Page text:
Last updated October 11, 2017
Sep 18, 2017
-
Oct 3, 2017

Hurricane Maria 2017

Yabucoa,
Puerto Rico

The record-breaking rainfall and flooding driven by Hurricane Maria—as well as Hurricanes Harvey and Irma just weeks before—is consistent with the long-term trend driven by climate change. Hurricane Maria made landfall in Dominica as a Category 5 hurricane on September 18,[1] then hit southeast Puerto Rico on September 20 with 155 mph winds and a central pressure of 917 millibars.[2] It was the third strongest storm to make landfall in the United States.[3] "1,000-year" rains inundated much of eastern and northwestern Puerto Rico.[4] The storm knocked out power to the entire island of Puerto Rico, home to 3.5 million people, leading to a prolonged humanitarian crisis.[5]

Extreme rainfall is increasing worldwide due to climate change. In Puerto Rico, rain falling in very heavy events increased at least 33 percent from 1958-2012. Seas are now higher due to global warming, so storm surge drives much further inland. There has also been a global increase in the observed intensity of the strongest tropical cyclones, correlated with observed trends in sea surface temperatures in recent decades. 

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Climate science at a glance

  • Climate change amplifies the damage done by hurricanes.
  • Seas are now higher due to global warming, so storm surge drives much further inland.
  • Rain falling in very heavy events in Puerto Rico increased 33 percent from 1958-2012.
  • The “1,000-year” rains witnessed during Maria reflect the trend of increasing extreme rainfall driven by climate change.
  • There is a significant risk that global warming is responsible for the growing power of hurricanes that we have witnessed over the last 30-40 years.
  • We are now experimenting with the weather.
  • The record-breaking flooding driven by Maria, Irma and Harvey is what climate change looks like.
  • Extreme rainfall is increasing worldwide due to climate change.
  • Climate change is now helping to fuel deluges around the world. The fingerprint of climate change has been firmly identified in the observed global trend of increasing extreme rains.

Hurricane Maria devastated the Caribbean with extreme precipitation

Maria pounded Puerto Rico with 5 to 7 inches of rain per hour on September 20, contributing to record-breaking flooding.[1] The northwestern and eastern regions of Puerto Rico experienced widespread 1,000 year rainfall, as shown in NOAA's official rainfall analysis below.[2]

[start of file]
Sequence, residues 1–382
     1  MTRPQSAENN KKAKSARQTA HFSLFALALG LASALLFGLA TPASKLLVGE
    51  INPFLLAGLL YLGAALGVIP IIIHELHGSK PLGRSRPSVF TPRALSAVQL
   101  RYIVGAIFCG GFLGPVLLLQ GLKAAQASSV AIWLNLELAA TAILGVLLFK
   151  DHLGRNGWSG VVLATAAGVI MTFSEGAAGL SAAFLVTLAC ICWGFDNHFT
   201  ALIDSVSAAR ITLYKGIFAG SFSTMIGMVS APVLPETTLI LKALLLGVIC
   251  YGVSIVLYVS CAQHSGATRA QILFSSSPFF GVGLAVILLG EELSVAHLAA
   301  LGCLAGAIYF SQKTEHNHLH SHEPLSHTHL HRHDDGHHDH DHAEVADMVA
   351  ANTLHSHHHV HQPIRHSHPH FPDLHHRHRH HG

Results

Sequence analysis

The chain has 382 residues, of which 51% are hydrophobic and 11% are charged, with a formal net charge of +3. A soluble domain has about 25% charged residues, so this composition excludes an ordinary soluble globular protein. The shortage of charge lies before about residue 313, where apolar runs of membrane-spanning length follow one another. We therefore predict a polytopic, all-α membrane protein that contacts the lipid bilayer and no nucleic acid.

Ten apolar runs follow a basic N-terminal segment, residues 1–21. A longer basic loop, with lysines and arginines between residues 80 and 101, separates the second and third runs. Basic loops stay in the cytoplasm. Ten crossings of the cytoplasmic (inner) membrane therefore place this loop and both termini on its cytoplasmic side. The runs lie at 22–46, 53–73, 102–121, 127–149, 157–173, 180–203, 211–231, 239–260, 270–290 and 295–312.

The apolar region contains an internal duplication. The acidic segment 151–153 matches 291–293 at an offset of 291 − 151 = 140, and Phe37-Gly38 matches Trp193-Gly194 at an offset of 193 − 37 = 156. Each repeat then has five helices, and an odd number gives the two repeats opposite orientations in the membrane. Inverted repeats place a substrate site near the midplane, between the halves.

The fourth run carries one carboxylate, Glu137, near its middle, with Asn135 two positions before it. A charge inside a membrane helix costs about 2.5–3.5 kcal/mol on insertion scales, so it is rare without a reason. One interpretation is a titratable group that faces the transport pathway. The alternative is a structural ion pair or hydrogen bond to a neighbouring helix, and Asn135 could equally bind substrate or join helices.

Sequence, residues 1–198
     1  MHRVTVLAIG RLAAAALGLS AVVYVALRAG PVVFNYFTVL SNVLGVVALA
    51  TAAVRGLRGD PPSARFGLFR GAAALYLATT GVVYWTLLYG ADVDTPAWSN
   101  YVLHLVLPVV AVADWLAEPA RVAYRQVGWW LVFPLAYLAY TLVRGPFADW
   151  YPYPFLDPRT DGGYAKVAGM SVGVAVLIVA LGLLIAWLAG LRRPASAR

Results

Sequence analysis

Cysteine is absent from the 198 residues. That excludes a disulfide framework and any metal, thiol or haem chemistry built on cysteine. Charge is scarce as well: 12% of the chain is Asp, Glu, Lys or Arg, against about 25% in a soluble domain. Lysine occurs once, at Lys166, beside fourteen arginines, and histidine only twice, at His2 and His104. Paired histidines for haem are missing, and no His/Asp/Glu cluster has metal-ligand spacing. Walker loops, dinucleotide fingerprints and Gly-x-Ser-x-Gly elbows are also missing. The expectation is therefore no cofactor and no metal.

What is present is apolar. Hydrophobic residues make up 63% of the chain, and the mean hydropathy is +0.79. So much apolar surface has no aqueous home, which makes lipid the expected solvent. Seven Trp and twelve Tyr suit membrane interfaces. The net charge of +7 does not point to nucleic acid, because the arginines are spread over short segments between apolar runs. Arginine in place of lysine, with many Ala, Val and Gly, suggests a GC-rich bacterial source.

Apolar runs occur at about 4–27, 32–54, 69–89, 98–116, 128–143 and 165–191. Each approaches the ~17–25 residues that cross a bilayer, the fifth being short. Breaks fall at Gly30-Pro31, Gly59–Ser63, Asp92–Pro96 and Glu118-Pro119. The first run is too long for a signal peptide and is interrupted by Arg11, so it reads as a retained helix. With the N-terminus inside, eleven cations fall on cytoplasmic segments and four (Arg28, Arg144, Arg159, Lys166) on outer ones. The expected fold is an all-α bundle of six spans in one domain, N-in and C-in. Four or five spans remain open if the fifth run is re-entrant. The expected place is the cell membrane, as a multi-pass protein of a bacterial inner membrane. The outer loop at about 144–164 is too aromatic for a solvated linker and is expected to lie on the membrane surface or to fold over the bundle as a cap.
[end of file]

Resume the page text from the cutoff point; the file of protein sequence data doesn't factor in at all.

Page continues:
Climate change is fueling extreme rainfall and dramatically increasing rainfall across many types of storms.[3][4] In Puerto Rico, there has been an increase in the heaviest rainfall events, defined as the heaviest 1 percent of all daily events, from 1958 to 2012.[5] An increase in rainfall rates is one of the more confident predictions of the effects of climate change on tropical cyclones.[6]


Like elected officials setting highway speed limits, water temperatures set maximum speed limits for hurricanes

There is significant evidence that global warming may be responsible for the growing power of hurricanes in the Atlantic observed over the past several decades. Hurricanes Irma, Harvey and Maria extend this trend of increasing hurricane activity. However, there is not yet a full scientific consensus linking this trend to global warming.

Increasing sea surface temperatures mean there is more energy available to passing storms, which raises the power ceiling, the theoretical maximum strength storms can reach.[6][7] But whether storms are growing in power because of that dynamic or because of natural variation is not clear. What is clear, is that there has been a global increase in the observed intensity of the strongest tropical cyclones, correlated with observed trends in sea surface temperatures in recent decades.[8][9]


Sea level rise increases the baseline elevations for waves and storm surge

In coastal regions, storm surge is the most significant impact of tropical cyclones.[6] Climate change has already contributed about 8 inches (0.19 meters) to global sea level rise,[10] and this has dramatically amplified the impact of cyclones by increasing baseline elevations for waves and storm surge.[10][11][12][13]

During Hurricane Maria, water level of 5.01 feet above ground level was reported at a NOAA ocean tide station in Yabucoa Harbor, Puerto Rico.[14]